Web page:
Click here to check out Five Elms Capital’s portfolio of investments.
Peace of mind impact
The Five Elms deal offers LaborChart the opportunity to grow responsibly, while increasing peace of mind for its clients — particularly impactful as the company scales not only in the size of its team, but in the types of customers it can sign, said Schultz and Browning.
“As we start bringing on clients that are multi-thousand-person organizations, we need to have the support infrastructure to serve them,” Browning said. “The proof to date is already done. We know the software works. We know how to service our clients. We just want to be able to keep doing it on a bigger and bigger scale.”
LaborChart’s software addresses poor labor management processes that result in delays and cost overruns, according to the company.
“LaborChart was founded for the sole purpose of providing an innovative technology solution to an industry that has traditionally relied on outdated processes and methods,” said Schultz, himself a fourth-generation electrical contractor. “With LaborChart, companies are no longer dependent on white boards and spreadsheets to manage their workforce. They now have a secure, scalable, and modern application to schedule, forecast and communicate with their people, which is the most valuable asset of every construction company.”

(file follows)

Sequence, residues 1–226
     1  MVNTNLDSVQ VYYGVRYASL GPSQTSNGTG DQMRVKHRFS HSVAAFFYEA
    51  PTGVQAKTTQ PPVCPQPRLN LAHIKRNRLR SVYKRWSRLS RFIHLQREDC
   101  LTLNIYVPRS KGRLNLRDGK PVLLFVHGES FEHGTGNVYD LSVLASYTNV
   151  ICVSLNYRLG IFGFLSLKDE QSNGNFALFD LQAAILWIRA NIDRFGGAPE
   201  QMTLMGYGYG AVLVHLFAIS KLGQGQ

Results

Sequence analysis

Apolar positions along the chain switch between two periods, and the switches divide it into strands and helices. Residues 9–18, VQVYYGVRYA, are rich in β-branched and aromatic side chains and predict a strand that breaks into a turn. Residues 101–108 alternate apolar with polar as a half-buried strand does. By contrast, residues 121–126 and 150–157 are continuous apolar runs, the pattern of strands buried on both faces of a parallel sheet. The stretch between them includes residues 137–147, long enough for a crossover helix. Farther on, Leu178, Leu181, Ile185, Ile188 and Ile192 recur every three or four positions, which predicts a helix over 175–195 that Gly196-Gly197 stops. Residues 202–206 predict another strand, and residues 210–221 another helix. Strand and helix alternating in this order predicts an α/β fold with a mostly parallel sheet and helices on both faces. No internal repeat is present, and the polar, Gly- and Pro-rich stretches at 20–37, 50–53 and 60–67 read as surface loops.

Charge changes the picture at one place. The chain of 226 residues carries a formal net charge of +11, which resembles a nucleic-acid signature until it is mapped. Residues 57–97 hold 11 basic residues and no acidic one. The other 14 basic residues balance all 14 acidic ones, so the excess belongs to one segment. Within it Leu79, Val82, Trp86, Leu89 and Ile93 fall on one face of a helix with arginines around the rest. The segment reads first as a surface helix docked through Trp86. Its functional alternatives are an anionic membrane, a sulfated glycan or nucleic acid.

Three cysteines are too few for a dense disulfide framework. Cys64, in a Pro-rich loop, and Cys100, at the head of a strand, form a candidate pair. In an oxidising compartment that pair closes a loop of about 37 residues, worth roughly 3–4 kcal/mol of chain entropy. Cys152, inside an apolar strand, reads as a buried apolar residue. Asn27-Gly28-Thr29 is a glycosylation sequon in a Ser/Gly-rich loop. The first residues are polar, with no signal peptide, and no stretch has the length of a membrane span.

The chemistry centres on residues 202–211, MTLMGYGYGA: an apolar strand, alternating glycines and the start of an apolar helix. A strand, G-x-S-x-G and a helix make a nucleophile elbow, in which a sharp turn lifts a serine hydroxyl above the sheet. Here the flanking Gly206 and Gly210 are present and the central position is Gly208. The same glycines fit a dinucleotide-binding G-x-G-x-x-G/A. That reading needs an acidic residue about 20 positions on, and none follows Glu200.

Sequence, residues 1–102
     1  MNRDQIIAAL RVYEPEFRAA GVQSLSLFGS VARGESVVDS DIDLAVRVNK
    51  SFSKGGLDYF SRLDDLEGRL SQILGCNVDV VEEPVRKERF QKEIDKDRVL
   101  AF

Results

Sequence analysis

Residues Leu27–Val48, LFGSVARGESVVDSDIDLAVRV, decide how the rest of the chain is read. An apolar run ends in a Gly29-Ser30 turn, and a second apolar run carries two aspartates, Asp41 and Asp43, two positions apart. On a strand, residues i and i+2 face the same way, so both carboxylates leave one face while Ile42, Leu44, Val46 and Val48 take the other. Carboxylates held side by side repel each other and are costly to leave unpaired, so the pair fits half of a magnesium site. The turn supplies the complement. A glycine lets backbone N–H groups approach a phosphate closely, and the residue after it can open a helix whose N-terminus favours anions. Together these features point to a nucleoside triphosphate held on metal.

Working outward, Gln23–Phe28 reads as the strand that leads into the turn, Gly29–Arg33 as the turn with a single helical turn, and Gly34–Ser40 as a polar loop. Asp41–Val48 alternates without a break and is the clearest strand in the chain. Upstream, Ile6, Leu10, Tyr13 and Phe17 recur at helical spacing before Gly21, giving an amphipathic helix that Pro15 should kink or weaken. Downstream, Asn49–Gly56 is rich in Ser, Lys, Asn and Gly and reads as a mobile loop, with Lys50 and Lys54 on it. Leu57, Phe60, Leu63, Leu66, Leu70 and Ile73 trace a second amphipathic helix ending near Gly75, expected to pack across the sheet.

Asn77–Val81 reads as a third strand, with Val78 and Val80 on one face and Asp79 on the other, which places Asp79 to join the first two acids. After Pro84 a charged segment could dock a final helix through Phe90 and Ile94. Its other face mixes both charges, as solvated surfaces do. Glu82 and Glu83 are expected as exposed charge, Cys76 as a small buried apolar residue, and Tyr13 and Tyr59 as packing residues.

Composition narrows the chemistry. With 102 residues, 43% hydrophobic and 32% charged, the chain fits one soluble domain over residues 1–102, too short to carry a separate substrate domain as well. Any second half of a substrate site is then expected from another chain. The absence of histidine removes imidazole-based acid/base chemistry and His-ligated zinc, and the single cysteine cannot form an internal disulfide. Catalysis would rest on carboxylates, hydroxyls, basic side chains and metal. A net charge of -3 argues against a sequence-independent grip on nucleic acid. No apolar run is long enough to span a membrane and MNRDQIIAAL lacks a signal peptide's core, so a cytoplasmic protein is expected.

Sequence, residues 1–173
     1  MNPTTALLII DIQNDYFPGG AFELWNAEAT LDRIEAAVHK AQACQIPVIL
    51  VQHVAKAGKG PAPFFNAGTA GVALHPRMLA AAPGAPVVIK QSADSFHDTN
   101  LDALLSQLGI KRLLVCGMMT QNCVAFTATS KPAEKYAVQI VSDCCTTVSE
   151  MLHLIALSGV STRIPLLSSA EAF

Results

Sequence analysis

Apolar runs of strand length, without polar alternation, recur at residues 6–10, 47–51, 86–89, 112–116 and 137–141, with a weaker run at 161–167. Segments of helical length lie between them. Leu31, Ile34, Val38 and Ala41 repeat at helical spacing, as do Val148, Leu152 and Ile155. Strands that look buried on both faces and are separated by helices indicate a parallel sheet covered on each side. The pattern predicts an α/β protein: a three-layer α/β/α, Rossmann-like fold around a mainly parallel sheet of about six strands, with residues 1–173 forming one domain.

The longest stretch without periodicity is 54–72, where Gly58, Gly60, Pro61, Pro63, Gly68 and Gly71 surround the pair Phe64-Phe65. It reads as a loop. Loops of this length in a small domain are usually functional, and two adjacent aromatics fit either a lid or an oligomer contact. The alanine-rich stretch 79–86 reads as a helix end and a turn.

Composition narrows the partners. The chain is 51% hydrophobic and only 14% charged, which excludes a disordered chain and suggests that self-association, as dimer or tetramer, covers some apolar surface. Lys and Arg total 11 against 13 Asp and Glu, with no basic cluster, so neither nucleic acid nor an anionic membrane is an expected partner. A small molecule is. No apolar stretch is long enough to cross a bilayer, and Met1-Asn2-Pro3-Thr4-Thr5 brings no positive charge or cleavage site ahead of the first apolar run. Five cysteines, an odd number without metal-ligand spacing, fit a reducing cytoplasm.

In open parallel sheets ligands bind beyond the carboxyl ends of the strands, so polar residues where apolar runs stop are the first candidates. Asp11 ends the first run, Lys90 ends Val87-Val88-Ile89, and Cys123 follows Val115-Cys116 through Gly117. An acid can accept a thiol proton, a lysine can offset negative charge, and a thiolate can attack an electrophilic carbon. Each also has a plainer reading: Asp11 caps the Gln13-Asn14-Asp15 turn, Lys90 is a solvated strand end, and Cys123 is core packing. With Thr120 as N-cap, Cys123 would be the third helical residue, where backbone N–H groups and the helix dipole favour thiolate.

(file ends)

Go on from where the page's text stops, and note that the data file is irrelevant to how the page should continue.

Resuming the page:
Five Elms was impressed by the company’s easy-to-use, yet robust product, commitment to its strong culture, and evangelical nature of its customer base, said Stephanie Brown, partner at Five Elms.
“We spoke with many of LaborChart’s customers who were insistent that the platform is a mission-critical system users love,” she said. “Even the most tenured industry veterans were insistent they’d quit their job if someone took the solution away from them.”
LaborChart’s team was pleased Five Elms focused due diligence on client satisfaction with the product, Browning said.
“They’re looking at a lot of the same key metrics we do, rather than just saying ‘Hey, how much money can we wring out of this thing?’” he said.